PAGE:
The previous post titled "Guidelines for Remarkable Booth Display" was a brief summary. This post expands on some of these guidelines with more explanation and resources.
I found a great book to recommend: Visual Merchandising: Windows and In-Store Displays for Retail, by Tony Morgan. Many quotes from this book appear in today's post. The price for Visual Merchandising is modest . . . or look for it in your local library. The author has written many books.
Another book at a somewhat higher price is Windows at Bergdorf Goodman Anniversary Edition. The publication date is November 15, 2012...so this sounds like both a timely publication and could be a really great holiday gift. It must be amazing!
"Bergdorf Goodman turns 111 this year and is feting the occasion in appropriately high style. Premier designers have been enlisted to create exclusive one-offs, such as Akris's 10- piece window-print capsule collection inspired by "a vintage photograph found in the book Windows at Bergdorf Goodman." Image and quote found in Bazaar magazine.
The windows of Bergdorf Goodman are famous for style and innovation. Some windows are very involved productions, while others only involved a background of burnt toast graded from light to dark or helium balloons (proving that not all great ideas have to be expensive or complicated).
Most of the books on visual merchandising are college textbooks and kind of pricey (as textbooks are inclined to be). Buy the used early editions or borrow the books from your local library. If they don't have it, use the inter-library loan program with your local colleges. Here is one more book recommendation with good information despite very lackluster images in black and white. Visual Merchandising and Display (6th edition)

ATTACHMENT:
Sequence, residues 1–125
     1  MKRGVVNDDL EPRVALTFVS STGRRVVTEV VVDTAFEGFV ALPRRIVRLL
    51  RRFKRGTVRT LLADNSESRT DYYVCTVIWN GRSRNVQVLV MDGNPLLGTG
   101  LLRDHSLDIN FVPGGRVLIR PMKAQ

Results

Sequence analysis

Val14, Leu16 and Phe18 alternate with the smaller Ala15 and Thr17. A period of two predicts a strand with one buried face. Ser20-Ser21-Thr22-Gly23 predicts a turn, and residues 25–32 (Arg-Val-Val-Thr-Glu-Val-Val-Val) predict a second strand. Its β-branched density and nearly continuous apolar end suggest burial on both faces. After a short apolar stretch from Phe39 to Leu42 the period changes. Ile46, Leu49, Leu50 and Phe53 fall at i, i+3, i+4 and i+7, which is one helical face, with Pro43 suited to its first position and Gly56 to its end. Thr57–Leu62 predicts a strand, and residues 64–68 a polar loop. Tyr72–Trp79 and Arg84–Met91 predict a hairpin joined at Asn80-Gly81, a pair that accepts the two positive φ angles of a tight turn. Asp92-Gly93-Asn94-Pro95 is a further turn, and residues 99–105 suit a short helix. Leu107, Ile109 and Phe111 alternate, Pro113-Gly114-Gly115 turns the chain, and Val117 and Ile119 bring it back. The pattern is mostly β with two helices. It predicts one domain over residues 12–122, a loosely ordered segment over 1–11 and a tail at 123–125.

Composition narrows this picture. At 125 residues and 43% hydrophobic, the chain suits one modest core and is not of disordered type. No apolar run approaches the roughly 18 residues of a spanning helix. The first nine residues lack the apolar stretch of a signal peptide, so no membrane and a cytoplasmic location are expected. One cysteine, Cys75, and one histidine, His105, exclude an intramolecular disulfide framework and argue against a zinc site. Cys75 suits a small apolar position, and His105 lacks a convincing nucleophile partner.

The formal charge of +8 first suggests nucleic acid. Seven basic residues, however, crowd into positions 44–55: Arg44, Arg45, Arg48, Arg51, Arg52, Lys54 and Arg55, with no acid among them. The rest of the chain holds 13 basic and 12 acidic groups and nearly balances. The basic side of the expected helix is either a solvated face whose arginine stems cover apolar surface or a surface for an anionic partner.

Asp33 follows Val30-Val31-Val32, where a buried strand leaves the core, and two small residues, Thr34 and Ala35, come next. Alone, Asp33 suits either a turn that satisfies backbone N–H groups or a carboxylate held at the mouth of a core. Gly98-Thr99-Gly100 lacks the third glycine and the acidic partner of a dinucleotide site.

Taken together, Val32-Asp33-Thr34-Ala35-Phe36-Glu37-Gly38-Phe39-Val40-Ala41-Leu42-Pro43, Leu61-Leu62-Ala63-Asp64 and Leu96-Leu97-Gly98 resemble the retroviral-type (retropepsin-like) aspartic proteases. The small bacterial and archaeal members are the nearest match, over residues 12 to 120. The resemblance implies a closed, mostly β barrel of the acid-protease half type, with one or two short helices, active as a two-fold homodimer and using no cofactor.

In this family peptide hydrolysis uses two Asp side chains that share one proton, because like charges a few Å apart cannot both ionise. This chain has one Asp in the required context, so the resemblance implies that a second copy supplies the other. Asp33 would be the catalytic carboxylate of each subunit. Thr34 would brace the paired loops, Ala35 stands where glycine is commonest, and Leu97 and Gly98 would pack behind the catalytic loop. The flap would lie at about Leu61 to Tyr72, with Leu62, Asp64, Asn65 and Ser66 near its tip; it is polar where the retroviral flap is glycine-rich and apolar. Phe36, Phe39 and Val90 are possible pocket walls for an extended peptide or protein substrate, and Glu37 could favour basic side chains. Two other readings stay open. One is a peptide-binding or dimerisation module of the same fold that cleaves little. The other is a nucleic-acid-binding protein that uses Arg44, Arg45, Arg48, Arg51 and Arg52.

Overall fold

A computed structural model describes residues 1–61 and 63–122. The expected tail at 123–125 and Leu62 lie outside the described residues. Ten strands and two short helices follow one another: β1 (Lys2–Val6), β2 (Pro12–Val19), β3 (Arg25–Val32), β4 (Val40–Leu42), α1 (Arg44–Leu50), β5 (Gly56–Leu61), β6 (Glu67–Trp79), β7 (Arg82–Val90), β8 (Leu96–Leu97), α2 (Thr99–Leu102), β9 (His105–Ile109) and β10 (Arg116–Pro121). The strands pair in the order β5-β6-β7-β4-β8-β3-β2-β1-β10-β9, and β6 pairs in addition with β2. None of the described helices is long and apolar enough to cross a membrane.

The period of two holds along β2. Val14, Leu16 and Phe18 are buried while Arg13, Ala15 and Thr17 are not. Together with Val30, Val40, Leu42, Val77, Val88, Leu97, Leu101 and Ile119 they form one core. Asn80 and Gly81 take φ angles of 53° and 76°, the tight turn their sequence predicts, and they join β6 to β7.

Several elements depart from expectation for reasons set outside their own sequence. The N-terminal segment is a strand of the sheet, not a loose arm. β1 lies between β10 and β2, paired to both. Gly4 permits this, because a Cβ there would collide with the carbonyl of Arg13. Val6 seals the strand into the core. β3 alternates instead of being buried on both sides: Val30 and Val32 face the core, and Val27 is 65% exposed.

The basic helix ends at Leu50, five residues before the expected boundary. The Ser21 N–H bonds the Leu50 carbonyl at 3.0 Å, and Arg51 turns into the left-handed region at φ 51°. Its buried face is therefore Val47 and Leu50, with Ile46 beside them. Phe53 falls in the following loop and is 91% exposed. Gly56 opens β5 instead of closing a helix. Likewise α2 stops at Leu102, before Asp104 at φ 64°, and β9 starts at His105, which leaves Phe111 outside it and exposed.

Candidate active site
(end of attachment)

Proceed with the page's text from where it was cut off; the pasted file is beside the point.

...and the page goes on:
As we review some of the principles in window design applicable to booth display, keep in mind the importance of focusing on a few key ideas. The booth display needs to excite the customer about why they can't live without your work.
I was watching a video about the fashion world and a comment from Mindy Grossman, CEO & Director of HSN caught my ear. She said, "It's the idea of inspiring vs. selling. People want to be inspired to buy things, they don't want to be sold to."
BELOW ARE DISPLAY CATEGORIES TO CONSIDER FOR YOUR BOOTH DISPLAY
YOUR NAME (or company name) UP HIGH on display
"Signage is probably the most important component of any display. You can't assume that every person who sees a display is going to understand it. There are many ingredients that go into signage. It needs to educate, explain, and make the product something you just have to have."
"Often signage and graphics may be used as a statement to support the ...theme, or sometimes as the prop that ties" a theme together. "It is always best to keep any text simple and explanatory; punchy one-liners always work best." "...too many tags, signs, or graphics can lead to visual overkill." Visual Merchandising